If we keep the qualification issue apart, it is long been settled that ‘an isolated incident’ can not entitle the minority shareholders to approach the Board under section 397/398 of the Act. There are several precedents on the issue though a lenient view is taken now-a-days on the issue of ‘continuity of acts’. Even isolated incident in the Company can lead to the intervention of the CLB under section 397/398 of the Companies Act, 1956 depending on as to how the Board considers the effect of that incident. It establishes a point that there can be issues between the minority and majority which can be settled before any other forum like Civil Court etc. without invoking the jurisdiction of Company Law Board under section 397/398. There can be an issue of enforcement of an agreement between two groups in the Company and that dispute can be settled through a
Court or by an Arbitrator if the agreement
contains an Arbitration Clause. Thus, if the disputes erupt between the groups
in the Company, then, one group may file a Criminal Complaint on the other group,
may file a Civil Suit and even can ask for an appointment of arbitrator to look
into the disputes if the cause for the dispute is with regard to the
‘enforcement of any specific agreement’.
Res-subjudice & Res-judicata:
The point is as to what is the effect of pending or concluded legal proceedings to the proceedings under section 397/398 of the Companies Act, 1956. Can the Board ignore the findings of concluded proceedings? Can the Board give a different finding on the issue concluded by other forum?. Can the Board ignore the pending legal proceedings between the minority and majority? Etc. The issue of approaching two forums with the same relief and seeking the same relief concluded by the competent forum are dealt-with under section 10 and 11 of Civil Procedure Code, 1908 and those are reproduced below without explanations.
“10. Stay of Suit – No court shall proceed with the trial of any suit in which the matter in issue is also directly and substantially in issue in a previously instituted suit between the same parties, or between parties under whom they or any of them claim litigating under the same title where such suit is pending in the same or any other Court in India having jurisdiction to grant the relief claimed, or in any court beyond the limits of India established or continued by the Central Government and having like jurisdiction or before the Supreme Court.”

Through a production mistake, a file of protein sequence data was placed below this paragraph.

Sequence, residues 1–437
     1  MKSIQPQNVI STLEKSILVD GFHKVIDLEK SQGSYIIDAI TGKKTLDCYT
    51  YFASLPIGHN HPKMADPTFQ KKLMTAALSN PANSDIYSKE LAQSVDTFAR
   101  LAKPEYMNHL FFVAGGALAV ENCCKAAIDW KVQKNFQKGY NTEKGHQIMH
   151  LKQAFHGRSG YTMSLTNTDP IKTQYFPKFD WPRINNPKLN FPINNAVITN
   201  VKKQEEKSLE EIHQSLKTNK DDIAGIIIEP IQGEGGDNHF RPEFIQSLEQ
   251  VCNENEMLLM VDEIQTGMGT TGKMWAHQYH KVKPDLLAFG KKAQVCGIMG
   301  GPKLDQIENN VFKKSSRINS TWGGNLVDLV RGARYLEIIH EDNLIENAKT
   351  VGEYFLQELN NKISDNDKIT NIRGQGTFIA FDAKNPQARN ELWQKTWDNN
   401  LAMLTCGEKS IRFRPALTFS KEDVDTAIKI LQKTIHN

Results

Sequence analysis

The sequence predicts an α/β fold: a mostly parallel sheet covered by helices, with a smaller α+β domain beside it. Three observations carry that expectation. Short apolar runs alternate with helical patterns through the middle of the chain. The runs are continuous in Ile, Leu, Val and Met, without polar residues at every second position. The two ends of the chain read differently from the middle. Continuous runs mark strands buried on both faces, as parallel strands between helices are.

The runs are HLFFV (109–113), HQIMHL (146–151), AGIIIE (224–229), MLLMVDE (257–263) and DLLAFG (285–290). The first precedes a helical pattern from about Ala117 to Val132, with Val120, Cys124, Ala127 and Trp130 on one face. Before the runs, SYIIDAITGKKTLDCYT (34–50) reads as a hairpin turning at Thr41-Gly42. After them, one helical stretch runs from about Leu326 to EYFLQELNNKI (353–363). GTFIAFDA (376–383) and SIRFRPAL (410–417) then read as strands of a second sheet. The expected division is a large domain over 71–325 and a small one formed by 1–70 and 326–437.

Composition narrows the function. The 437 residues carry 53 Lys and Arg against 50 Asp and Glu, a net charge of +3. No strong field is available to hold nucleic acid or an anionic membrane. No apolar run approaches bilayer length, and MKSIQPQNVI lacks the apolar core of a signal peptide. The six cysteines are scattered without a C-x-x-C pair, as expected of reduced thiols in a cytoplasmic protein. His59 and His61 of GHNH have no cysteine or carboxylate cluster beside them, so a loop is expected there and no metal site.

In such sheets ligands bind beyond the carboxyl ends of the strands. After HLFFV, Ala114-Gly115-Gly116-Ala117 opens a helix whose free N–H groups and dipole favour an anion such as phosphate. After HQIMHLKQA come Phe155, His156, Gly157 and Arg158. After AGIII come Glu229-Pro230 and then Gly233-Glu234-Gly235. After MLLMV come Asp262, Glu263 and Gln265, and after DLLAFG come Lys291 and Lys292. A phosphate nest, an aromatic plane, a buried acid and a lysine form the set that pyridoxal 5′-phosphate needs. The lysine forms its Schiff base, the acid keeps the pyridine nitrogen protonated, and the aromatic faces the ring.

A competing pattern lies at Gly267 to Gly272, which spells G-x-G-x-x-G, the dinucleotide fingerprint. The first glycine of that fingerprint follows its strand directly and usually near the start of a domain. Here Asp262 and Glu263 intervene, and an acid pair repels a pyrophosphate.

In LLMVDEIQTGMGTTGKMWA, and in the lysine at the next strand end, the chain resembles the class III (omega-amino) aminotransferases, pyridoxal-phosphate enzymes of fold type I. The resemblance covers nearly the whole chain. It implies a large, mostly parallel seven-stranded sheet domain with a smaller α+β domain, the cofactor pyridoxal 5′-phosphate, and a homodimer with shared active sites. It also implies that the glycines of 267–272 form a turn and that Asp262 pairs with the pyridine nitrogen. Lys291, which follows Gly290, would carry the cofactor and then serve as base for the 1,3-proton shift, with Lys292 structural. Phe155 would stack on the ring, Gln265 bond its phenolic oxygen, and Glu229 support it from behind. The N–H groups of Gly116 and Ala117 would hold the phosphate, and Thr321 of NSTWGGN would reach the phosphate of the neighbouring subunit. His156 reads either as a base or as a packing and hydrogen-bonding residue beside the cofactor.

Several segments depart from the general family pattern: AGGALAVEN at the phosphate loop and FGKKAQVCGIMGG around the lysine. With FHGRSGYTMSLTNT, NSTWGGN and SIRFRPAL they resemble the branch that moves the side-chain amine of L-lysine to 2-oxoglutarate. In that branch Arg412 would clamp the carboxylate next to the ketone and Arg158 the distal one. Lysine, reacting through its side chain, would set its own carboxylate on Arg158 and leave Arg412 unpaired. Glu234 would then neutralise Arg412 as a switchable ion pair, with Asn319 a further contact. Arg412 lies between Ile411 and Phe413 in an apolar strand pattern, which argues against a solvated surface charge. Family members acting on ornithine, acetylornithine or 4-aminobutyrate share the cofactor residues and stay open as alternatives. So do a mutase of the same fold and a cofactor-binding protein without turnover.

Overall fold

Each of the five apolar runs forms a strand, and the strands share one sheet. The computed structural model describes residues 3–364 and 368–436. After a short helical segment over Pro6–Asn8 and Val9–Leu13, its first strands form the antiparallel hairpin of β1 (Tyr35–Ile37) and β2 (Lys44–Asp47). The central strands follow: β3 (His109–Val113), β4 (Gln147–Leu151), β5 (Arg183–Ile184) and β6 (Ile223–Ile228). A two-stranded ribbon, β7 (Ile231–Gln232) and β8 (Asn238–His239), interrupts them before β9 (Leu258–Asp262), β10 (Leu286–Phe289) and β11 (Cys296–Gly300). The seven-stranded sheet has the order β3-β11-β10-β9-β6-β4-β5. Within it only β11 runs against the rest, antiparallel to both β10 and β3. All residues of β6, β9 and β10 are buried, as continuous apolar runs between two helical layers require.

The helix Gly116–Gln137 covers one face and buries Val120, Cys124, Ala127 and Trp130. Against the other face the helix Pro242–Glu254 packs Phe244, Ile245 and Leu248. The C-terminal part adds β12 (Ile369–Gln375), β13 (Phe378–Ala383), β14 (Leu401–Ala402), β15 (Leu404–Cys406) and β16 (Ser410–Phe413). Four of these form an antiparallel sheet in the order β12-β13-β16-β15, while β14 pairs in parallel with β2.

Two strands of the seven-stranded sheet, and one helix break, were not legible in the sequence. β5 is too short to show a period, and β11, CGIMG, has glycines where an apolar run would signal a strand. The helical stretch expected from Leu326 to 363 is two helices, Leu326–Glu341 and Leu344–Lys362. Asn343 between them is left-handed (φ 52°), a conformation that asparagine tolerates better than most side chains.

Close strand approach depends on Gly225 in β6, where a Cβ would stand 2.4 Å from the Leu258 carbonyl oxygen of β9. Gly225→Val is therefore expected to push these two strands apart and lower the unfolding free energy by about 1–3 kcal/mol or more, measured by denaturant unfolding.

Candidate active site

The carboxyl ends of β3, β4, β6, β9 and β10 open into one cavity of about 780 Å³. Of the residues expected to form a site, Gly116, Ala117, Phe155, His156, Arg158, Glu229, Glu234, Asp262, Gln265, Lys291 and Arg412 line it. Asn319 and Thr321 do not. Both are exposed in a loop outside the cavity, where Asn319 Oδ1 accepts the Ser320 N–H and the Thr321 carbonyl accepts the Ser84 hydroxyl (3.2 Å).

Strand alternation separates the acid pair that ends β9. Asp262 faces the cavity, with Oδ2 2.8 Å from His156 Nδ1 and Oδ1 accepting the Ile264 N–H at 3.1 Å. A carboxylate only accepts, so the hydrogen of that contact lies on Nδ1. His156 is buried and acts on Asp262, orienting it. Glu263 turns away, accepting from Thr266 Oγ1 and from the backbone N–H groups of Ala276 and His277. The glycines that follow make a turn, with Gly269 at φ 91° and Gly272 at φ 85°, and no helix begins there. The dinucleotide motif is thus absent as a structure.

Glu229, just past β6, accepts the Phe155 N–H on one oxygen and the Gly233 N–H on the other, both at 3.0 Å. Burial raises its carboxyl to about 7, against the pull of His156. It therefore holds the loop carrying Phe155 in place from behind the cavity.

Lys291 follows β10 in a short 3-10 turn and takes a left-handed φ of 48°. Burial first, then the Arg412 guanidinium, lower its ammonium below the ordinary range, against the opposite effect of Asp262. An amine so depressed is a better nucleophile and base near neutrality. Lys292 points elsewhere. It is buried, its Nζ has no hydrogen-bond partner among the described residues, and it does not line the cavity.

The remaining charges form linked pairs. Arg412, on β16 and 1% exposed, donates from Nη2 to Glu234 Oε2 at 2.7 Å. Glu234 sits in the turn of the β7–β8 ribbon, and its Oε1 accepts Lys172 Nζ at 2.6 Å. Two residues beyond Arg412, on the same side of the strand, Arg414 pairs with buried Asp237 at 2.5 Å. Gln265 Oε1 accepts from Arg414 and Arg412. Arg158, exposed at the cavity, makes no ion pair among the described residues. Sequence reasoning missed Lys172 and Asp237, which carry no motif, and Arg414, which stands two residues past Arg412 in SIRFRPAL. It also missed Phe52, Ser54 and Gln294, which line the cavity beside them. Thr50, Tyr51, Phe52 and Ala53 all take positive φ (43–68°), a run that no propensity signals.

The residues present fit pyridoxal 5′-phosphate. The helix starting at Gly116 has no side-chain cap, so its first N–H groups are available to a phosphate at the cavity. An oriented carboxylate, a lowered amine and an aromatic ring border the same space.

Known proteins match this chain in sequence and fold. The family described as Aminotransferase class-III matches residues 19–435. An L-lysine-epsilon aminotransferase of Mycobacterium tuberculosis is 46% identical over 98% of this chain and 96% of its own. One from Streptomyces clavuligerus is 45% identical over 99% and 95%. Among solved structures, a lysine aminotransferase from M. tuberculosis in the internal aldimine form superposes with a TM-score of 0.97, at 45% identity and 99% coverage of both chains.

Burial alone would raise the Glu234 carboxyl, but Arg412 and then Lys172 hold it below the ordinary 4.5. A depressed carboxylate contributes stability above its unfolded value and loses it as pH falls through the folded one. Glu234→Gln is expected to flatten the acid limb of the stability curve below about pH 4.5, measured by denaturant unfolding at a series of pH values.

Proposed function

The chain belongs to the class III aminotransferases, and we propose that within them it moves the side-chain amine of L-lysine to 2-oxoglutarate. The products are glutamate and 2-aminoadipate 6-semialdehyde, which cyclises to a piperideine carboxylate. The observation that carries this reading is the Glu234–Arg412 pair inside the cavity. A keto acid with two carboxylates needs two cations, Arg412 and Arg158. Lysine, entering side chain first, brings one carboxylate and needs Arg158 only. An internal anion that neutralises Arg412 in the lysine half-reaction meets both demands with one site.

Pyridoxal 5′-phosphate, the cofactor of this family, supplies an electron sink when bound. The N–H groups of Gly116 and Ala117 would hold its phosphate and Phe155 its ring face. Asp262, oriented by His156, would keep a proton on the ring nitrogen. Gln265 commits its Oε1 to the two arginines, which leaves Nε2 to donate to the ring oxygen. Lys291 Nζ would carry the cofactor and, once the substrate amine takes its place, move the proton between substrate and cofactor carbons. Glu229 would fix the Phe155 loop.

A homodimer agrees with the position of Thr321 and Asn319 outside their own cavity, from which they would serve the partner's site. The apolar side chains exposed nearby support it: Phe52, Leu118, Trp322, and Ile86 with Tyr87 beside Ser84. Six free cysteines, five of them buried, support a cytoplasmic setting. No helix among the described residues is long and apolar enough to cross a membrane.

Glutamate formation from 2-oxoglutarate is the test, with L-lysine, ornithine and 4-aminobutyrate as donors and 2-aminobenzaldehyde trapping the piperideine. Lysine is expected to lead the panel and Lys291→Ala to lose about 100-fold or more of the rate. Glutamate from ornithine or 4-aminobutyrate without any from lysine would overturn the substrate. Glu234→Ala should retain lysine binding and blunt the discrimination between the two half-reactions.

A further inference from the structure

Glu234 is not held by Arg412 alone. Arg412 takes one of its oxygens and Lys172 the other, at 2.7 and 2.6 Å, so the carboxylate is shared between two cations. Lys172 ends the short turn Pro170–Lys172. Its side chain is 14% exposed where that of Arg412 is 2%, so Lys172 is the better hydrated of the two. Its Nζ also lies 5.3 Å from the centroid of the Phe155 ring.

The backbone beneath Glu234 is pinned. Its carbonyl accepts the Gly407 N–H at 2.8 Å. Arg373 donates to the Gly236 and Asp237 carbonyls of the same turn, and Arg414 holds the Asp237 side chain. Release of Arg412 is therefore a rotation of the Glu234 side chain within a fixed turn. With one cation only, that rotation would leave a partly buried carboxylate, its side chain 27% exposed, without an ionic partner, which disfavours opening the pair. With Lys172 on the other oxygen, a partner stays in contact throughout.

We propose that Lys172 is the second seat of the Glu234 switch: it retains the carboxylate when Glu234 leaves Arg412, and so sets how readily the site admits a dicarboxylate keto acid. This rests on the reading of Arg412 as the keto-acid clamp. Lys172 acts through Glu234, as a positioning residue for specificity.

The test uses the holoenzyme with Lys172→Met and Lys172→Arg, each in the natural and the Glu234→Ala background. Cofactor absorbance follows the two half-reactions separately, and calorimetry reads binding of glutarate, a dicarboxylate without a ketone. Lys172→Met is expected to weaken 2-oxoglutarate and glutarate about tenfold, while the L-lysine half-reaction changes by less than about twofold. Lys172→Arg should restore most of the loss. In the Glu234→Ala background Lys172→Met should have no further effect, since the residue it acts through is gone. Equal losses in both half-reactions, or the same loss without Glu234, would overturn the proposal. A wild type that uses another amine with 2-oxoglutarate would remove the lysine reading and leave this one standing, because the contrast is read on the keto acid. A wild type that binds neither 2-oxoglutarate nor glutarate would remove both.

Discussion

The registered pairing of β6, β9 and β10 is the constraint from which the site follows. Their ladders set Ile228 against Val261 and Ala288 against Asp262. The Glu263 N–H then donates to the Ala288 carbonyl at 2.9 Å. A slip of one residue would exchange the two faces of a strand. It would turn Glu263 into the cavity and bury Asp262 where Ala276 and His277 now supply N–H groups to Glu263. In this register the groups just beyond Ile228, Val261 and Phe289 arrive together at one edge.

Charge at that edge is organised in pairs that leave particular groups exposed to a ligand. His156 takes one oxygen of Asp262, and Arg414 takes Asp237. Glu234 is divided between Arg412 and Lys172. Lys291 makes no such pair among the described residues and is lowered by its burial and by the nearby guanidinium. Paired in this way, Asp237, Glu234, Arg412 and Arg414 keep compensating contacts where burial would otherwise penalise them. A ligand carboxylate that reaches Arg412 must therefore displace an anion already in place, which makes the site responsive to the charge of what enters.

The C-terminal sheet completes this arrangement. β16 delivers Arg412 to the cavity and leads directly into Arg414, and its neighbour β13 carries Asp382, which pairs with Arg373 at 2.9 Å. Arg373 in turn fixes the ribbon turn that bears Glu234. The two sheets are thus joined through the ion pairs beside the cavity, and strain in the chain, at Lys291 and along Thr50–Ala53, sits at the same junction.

“11. Res Judicata – No court shall try any suit or issue in which the matter directly or substantially in issue has been directly or substantially is in issue in a former suit between the same parties, or between the parties under whom they or any of them claim, litigating under the same title, in a court competent to try such subsequent suit or the suit in which such issue has been subsequently raised, and has been heard and finally decided by such court.”
These two principles are so important in a proceeding under section 397/398 of the Companies Act, 1956 though now-a-days it is rare to see a litigation pending in a
between the minority shareholders and majority or the Company. Certain settled
legal principles like Res subjudice and
Res judicata are to be followed by
any judicial authority or quasi-judicial authority as it is supported by sound
logic. This is similar to the ‘principle of natural justice’. However,
application of these principles to the proceedings under section 397/398 of the
Companies Act, 1956 are most complex and the Board exercises lot of discretion
in this regard making a balance between the settled legal principles and the
object of section 397/398.
Explaining a to how the shareholders are entitled to approach Civil Court or Arbitrator at times and as to how the CLB too has power to look into the issue, the Court in CDS Financial Services (Mauritius) Limited Vs. BPL Communications Limited and others, (2004) 121 Comp Cases 375, has held that:
“when there is no express provision excluding the jurisdiction of the civil courts, such exclusion can be implied only in cases where a right itself is created and the machinery of enforcement of such right is also provided by the statute. If the right is traceable to the general law of contracts or it is a common law right, it can be enforced through the civil court, even though the forum under the statute also will have jurisdiction to enforce that right. Sections 397, 398 and 408 of the Companies Act, 1956, do not confer exclusive jurisdiction on the company court to grant reliefs against oppression and mismanagement. The scope of these sections is to provide a convenient remedy for minority shareholders under certain conditions and the provisions therein are not intended to exclude all other remedies”.
With the simultaneous jurisdiction and shareholders having a scope to approach
Civil Court or
Arbitrator and also approach CLB at times, there is a possibility for